Recently I was talking with a friend/colleague from the university where I was a professor before I was a professor at my current university. He said "Do you remember how in hiring committee and faculty meetings the old guys used to question whether female candidates had done their own work and had their own ideas, but they never brought this up for male candidates?" I said YES, startling him and all people and animals within a 1.5 km radius.
Yes, I most certainly remember that. I told him that I use those experiences in my discussions with early career women scientists when we talk about publications, authorship, applications, and interviews. How could I forget?
The first time I heard one of the old guys say something like that in a meeting, I was so stunned, I slammed my pen down on the table and shouted No, startling him and everyone else within a 1.5 km radius. I don't think anyone there had heard me even raise my voice before, so it got people's attention. I pointed out how unfair it was to raise this issue for female candidates - on the basis of nothing -- and not for male candidates. The old guys seemed surprised. They were not evil -- in fact, they were unfailingly supportive of me when I was an assistant professor -- but they were sexist to the core in other ways, and nothing I said really had much effect on their opinions about candidates. That place had and has a problem hiring and retaining women faculty.
So I wondered why my former colleague was bringing this up. Surely it was ancient history? The old guys had all retired, and I only knew of one, maybe two, remaining faculty who still needed ethics transplants -- like the one who had asked me about my husband during my interview lo these many years ago -- but they haven't been allowed on hiring committees for a long time.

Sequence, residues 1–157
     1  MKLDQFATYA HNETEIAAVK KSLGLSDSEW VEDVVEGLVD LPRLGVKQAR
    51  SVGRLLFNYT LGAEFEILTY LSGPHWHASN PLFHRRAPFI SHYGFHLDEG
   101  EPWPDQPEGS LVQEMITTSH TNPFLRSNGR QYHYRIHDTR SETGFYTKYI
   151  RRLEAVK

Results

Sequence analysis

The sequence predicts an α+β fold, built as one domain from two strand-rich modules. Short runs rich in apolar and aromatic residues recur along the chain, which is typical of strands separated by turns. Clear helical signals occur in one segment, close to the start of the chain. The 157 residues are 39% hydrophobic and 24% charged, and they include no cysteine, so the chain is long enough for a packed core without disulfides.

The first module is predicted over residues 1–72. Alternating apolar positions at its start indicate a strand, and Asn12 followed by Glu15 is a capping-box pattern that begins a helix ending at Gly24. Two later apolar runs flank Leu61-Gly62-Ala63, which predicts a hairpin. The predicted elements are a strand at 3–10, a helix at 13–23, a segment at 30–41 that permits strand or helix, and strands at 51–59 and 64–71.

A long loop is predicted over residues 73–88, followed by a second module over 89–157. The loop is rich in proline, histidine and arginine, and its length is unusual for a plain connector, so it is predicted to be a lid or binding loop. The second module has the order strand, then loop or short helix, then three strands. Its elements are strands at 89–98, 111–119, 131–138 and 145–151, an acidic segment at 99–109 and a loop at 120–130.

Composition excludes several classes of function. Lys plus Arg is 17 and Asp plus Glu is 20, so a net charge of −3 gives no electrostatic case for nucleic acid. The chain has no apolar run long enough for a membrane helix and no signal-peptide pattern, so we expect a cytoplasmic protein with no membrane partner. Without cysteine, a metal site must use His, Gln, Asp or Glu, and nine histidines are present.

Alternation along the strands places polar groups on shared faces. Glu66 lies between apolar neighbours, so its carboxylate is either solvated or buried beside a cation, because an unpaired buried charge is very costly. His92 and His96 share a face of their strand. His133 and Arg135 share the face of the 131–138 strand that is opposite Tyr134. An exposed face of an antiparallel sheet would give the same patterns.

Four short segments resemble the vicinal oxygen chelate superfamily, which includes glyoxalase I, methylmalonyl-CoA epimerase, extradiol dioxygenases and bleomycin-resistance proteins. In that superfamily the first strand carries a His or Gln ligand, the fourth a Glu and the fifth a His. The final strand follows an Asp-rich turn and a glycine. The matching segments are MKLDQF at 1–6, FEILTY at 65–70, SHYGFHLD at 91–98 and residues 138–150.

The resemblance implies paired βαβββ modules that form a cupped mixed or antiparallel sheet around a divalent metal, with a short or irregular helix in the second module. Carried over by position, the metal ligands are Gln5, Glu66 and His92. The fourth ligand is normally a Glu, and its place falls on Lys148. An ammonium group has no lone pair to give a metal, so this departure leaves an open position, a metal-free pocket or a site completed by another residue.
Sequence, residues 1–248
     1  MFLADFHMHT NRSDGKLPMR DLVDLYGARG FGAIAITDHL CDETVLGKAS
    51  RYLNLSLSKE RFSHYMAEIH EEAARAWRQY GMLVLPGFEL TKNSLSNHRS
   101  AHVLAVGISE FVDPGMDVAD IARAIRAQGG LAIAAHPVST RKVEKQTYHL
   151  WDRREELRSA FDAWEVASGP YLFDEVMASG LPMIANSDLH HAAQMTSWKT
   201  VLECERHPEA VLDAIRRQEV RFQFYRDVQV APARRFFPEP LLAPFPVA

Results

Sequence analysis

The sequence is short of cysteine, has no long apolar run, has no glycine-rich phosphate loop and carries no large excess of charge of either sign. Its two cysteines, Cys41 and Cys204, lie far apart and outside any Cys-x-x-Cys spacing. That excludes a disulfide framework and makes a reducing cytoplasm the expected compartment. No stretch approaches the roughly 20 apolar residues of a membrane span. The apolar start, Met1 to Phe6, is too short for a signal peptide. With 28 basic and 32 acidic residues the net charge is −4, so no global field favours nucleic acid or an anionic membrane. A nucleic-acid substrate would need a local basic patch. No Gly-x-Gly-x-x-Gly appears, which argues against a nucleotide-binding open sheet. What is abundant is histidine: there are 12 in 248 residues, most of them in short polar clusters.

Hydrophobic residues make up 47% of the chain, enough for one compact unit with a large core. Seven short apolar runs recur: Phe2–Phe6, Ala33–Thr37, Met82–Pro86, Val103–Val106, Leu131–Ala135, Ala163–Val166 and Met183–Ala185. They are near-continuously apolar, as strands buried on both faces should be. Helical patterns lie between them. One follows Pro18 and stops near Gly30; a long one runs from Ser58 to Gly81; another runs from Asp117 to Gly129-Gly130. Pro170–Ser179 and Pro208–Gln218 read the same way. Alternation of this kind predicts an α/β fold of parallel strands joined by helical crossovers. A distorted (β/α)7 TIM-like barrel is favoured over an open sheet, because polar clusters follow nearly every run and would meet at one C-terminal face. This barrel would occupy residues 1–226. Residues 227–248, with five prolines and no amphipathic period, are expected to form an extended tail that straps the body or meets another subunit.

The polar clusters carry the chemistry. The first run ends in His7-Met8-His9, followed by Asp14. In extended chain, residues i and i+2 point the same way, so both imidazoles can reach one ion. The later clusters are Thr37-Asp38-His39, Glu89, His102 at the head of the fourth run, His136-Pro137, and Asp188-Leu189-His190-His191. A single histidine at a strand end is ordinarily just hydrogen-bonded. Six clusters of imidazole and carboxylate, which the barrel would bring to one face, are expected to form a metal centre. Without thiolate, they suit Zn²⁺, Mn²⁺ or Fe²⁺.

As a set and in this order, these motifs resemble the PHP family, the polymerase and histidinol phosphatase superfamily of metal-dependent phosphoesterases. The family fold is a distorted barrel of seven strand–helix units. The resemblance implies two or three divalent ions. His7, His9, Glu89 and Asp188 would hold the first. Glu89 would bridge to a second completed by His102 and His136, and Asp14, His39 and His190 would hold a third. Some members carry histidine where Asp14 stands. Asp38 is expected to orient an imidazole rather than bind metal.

My colleague sighed and said that now some of the younger generation do the same thing. He sits in hiring committees and hears young male faculty question whether female applicants are capable of having their own ideas and working independently, but these issues are not raised for male applicants. He has been fighting this attitude for so long, he was discouraged that it wasn't something that went away as younger faculty were hired.
I told him that it isn't so much of a problem at my current department. There are other problems, but I have not seen anything like what I experienced on hiring committees at his university. Why is it still a problem there? Were the young guys so influenced by the older faculty that they came to believe that women's qualifications were to be doubted more than those of their male peers, or did they arrive with that belief? Did the old guys somehow select new colleagues who shared their views on academic culture? Is the lack of women self-perpetuating in perpetuity?
I don't know, but, depressing though this conversation was, my colleague thinks there is still hope for change. A new, more enlightened dean and chair are finally taking a look at some of the problems in this department re. hiring, and might be willing to make some dramatic changes in how the department conducts its hiring, promoting, and retaining of faculty. It would clearly take some top-down action, as it doesn't seem likely that the department will change on its own.
10 years ago